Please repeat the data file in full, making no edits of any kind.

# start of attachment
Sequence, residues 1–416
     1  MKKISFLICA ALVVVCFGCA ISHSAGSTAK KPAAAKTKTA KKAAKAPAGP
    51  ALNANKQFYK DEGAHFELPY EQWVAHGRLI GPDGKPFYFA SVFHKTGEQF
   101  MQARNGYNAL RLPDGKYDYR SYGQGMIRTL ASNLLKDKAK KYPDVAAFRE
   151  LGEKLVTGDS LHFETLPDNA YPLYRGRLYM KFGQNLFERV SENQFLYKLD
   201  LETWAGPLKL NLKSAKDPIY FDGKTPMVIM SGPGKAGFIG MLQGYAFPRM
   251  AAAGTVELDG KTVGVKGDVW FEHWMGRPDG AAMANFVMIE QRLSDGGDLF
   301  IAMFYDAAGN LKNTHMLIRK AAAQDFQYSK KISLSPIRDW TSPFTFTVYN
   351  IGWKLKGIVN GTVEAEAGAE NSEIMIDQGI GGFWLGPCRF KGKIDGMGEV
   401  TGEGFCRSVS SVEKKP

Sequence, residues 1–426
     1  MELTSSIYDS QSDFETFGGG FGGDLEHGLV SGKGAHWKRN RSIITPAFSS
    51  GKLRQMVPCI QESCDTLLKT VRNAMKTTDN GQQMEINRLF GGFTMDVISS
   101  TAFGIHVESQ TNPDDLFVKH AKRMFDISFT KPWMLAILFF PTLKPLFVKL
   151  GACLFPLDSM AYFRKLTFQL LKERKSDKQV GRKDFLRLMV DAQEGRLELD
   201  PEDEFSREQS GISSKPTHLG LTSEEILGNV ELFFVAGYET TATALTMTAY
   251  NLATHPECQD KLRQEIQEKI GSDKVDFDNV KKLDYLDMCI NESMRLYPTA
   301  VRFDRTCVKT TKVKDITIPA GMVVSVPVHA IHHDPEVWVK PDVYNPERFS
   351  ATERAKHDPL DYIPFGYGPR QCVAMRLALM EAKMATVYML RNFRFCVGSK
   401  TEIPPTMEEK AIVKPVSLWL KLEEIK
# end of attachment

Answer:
Sequence, residues 1–416
     1  MKKISFLICA ALVVVCFGCA ISHSAGSTAK KPAAAKTKTA KKAAKAPAGP
    51  ALNANKQFYK DEGAHFELPY EQWVAHGRLI GPDGKPFYFA SVFHKTGEQF
   101  MQARNGYNAL RLPDGKYDYR SYGQGMIRTL ASNLLKDKAK KYPDVAAFRE
   151  LGEKLVTGDS LHFETLPDNA YPLYRGRLYM KFGQNLFERV SENQFLYKLD
   201  LETWAGPLKL NLKSAKDPIY FDGKTPMVIM SGPGKAGFIG MLQGYAFPRM
   251  AAAGTVELDG KTVGVKGDVW FEHWMGRPDG AAMANFVMIE QRLSDGGDLF
   301  IAMFYDAAGN LKNTHMLIRK AAAQDFQYSK KISLSPIRDW TSPFTFTVYN
   351  IGWKLKGIVN GTVEAEAGAE NSEIMIDQGI GGFWLGPCRF KGKIDGMGEV
   401  TGEGFCRSVS SVEKKP

Sequence, residues 1–426
     1  MELTSSIYDS QSDFETFGGG FGGDLEHGLV SGKGAHWKRN RSIITPAFSS
    51  GKLRQMVPCI QESCDTLLKT VRNAMKTTDN GQQMEINRLF GGFTMDVISS
   101  TAFGIHVESQ TNPDDLFVKH AKRMFDISFT KPWMLAILFF PTLKPLFVKL
   151  GACLFPLDSM AYFRKLTFQL LKERKSDKQV GRKDFLRLMV DAQEGRLELD
   201  PEDEFSREQS GISSKPTHLG LTSEEILGNV ELFFVAGYET TATALTMTAY
   251  NLATHPECQD KLRQEIQEKI GSDKVDFDNV KKLDYLDMCI NESMRLYPTA
   301  VRFDRTCVKT TKVKDITIPA GMVVSVPVHA IHHDPEVWVK PDVYNPERFS
   351  ATERAKHDPL DYIPFGYGPR QCVAMRLALM EAKMATVYML RNFRFCVGSK
   401  TEIPPTMEEK AIVKPVSLWL KLEEIK